ONTARIO — Hundreds of people gathered in Lions Park in Ontario Thursday evening to celebrate those have been through recovery from addiction, those who are going through recovery and to encourage people dealing with addictions to get into treatment.
A number of social agencies had booths set up around the park to provide information about the services they provide.
One of the annual features of Hands Around the Park is to mark how much accumulative time there is among the participants for being in sobriety — that is being off drugs and/or alcohol. It was announced that the total time for those who reported in during the event was more than 400 years.
One of the people who attended, and spoke was Rudy Espino, of Fruitland, who has been in recovery for more than 30 years. He shared that it is important that people feel they have value, to his parents and to the people around him, becoming an overachiever to gain acceptance.
Espino said his drinking and drug use began in college as a way to be accepted by his peers.
Finally having seen his addiction for what it was, Espino said he turned to prayer, among other things, and surrendered himself to God. He also started going to AA meetings, he said.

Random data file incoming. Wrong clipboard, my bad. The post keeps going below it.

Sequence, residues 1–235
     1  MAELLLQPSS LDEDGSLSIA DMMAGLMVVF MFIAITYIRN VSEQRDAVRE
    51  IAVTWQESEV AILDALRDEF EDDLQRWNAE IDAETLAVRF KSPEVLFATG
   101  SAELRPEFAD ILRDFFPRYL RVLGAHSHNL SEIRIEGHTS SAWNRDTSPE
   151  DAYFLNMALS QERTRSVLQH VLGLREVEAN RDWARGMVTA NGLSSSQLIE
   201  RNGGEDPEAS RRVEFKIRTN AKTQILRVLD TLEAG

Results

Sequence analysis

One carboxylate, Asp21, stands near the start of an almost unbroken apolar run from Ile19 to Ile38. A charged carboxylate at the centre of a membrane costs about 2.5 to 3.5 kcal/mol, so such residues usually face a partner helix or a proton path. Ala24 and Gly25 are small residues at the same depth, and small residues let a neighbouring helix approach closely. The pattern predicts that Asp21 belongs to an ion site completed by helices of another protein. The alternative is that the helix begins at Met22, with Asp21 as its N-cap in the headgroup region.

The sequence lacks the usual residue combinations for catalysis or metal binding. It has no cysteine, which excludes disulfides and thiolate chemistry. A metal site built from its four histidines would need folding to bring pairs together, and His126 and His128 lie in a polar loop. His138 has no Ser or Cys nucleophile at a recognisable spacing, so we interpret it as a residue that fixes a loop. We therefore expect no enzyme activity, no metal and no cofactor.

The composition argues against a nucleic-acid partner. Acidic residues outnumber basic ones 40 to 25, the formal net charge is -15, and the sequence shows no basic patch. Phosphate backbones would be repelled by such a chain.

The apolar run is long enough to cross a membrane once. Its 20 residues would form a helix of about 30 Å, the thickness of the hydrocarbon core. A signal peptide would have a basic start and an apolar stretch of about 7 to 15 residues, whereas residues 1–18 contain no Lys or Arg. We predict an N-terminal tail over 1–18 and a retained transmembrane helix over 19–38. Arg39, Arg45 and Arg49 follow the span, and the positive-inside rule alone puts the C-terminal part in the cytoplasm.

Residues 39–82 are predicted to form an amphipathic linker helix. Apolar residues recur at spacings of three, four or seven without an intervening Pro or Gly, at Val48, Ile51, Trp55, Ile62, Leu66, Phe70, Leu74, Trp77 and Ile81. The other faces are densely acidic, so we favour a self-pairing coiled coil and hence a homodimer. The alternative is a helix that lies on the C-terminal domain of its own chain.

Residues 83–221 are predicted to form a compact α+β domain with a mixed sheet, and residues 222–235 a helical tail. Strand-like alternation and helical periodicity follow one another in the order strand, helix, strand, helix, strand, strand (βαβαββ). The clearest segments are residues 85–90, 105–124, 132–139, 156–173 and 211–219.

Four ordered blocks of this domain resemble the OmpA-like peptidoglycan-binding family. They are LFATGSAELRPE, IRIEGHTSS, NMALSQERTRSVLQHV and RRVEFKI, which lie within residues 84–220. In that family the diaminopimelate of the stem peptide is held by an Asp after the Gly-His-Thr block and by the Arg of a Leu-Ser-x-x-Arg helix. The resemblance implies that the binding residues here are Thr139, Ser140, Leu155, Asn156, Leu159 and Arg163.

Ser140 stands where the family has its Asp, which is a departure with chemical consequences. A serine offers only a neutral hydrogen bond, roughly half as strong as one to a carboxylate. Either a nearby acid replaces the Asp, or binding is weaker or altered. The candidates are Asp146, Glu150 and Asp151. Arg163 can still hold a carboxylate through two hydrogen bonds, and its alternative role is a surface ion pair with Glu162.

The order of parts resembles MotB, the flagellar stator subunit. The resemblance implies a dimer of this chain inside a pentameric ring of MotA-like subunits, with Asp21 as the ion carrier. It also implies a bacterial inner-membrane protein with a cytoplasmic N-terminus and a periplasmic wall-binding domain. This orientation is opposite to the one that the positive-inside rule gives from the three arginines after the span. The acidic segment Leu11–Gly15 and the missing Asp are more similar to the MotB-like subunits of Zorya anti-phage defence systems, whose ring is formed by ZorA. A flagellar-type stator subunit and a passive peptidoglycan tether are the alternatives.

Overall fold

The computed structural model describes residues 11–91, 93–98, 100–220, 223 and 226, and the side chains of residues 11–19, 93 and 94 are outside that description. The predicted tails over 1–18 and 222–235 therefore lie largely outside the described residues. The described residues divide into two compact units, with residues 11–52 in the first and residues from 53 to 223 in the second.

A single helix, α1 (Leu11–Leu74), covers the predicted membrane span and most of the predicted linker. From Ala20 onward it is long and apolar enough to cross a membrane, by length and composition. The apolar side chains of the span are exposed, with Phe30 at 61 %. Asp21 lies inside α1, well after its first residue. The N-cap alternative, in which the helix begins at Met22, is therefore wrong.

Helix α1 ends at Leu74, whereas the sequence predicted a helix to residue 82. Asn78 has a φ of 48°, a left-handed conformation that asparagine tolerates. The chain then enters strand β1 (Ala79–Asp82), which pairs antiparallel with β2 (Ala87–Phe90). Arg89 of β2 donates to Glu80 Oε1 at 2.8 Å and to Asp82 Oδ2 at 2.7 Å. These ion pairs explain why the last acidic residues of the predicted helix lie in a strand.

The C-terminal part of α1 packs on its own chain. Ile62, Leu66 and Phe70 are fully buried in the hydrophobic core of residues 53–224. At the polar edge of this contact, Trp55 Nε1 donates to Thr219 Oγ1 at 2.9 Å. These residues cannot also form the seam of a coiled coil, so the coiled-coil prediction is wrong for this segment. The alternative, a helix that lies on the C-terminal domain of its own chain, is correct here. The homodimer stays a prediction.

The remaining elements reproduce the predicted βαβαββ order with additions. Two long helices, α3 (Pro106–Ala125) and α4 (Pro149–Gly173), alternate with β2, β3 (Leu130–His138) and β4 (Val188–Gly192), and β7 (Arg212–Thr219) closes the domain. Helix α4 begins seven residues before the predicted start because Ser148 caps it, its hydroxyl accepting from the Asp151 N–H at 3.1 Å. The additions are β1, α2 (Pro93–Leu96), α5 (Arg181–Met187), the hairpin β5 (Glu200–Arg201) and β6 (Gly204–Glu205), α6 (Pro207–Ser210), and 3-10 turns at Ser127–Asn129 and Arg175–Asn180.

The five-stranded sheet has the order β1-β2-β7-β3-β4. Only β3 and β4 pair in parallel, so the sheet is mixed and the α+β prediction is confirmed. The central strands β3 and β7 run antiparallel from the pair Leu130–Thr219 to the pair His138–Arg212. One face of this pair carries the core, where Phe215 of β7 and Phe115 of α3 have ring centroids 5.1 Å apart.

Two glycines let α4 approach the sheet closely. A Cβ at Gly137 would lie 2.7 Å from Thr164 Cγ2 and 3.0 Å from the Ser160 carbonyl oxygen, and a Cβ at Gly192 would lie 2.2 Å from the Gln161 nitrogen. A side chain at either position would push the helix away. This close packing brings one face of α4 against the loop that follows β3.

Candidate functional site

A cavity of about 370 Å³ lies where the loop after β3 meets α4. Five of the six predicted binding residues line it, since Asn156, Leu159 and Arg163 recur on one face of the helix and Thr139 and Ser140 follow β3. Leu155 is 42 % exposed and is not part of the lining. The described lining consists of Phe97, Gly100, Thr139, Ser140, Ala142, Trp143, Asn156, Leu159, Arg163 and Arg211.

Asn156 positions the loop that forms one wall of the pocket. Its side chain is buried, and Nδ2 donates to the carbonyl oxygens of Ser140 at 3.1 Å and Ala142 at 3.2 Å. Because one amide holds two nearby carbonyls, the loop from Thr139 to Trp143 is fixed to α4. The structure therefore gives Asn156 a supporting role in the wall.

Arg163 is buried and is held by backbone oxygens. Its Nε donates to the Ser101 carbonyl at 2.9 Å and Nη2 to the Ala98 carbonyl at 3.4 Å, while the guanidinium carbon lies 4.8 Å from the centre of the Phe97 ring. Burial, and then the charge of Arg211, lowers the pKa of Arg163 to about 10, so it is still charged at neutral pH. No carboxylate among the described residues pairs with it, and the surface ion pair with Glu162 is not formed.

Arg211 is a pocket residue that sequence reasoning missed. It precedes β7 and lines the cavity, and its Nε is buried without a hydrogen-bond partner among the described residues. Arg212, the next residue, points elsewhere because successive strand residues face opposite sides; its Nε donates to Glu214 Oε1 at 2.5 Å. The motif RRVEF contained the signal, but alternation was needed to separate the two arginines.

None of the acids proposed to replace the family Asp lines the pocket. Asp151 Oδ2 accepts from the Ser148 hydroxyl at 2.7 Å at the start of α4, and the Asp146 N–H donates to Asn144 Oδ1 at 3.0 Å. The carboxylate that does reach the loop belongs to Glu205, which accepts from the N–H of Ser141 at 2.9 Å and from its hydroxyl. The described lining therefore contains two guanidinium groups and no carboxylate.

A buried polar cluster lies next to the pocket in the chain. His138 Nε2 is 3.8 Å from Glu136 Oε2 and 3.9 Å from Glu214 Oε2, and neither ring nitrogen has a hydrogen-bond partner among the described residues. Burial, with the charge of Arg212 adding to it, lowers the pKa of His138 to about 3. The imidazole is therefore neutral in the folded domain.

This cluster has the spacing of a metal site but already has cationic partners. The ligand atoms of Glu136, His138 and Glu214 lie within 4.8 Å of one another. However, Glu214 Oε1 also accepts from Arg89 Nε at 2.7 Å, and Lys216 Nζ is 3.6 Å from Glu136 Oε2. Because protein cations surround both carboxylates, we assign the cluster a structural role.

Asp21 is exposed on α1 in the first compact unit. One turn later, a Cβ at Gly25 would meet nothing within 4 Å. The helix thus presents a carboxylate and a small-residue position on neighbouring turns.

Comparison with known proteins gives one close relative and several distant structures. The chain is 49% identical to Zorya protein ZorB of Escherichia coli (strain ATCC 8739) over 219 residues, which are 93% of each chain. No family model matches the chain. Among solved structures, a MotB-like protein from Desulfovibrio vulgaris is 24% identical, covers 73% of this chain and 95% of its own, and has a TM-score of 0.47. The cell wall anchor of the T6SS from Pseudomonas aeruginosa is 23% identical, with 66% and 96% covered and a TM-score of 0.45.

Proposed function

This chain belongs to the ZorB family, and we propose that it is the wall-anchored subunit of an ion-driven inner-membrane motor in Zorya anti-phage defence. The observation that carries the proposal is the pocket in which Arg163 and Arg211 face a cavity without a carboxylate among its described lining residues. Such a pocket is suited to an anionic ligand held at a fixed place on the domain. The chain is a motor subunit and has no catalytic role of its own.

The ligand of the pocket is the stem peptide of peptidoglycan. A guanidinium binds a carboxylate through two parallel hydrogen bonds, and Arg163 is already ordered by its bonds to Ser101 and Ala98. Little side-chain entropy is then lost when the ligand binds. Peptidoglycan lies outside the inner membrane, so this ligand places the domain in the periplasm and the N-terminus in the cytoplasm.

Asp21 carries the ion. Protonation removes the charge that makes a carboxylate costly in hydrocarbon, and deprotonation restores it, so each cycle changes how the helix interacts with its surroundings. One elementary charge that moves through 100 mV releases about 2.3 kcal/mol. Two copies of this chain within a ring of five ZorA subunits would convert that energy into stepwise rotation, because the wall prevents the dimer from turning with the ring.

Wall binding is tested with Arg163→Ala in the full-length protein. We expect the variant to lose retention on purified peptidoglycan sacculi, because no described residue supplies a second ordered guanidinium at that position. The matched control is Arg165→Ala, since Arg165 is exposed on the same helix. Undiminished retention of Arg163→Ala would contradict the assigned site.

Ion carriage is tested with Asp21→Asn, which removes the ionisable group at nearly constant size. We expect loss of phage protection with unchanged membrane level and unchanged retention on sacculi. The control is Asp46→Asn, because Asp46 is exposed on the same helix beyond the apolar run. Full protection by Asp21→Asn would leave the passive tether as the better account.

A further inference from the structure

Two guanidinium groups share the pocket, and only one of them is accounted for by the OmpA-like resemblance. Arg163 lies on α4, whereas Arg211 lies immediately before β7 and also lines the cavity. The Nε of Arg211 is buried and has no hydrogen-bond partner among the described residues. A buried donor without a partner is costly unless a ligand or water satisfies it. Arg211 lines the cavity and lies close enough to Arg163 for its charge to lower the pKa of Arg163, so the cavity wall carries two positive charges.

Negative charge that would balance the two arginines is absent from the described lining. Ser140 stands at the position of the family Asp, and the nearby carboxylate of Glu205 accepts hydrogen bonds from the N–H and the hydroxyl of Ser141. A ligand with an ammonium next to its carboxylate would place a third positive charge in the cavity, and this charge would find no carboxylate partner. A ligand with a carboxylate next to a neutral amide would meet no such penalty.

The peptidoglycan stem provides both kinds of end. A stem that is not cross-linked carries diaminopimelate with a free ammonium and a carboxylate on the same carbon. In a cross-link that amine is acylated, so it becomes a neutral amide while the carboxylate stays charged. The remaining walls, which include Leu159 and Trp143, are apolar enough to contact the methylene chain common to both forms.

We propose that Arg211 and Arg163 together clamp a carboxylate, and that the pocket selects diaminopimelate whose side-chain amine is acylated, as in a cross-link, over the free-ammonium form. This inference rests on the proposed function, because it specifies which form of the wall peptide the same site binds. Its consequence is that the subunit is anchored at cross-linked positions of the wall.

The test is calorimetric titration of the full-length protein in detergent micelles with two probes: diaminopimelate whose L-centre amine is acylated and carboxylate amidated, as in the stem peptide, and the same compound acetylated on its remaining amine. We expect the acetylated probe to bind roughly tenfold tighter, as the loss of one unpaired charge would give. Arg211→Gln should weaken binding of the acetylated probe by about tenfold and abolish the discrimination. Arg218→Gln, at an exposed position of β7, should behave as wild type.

“A person needs to feel whole inside,” Espino said.
“You don’t have to clean up before getting treatment,” he told the audience.
Espino issued caution that just because one addiction has been addressed does not prevent it from happening in another area.
“Addiction will work for another corner,” he said.
David Jacobus, who has been in recovery for 14 years, said what marked the change in him is that he is less selfish and more giving to others.
Honored this year was Nelacey Porter, with the Dr. Larry Stoune Memorial Award, Jane Padgett, the Judge Terry Thompson Memorial Award, for her service to the community, and Jacobus and Roy Lara, for their work in recovery community.
In a previous article, Porter said he started his road to recovery in 2013, traveling from Portland to Ontario to get inpatient treatment at Lifeways Recovery Center.
After graduating from Lifeways’ in patient program, Porter checked himself into the outpatient program in order to finally receive his seeing eye dog, Torrence, from Guide Dogs for the Blind in February of 2018.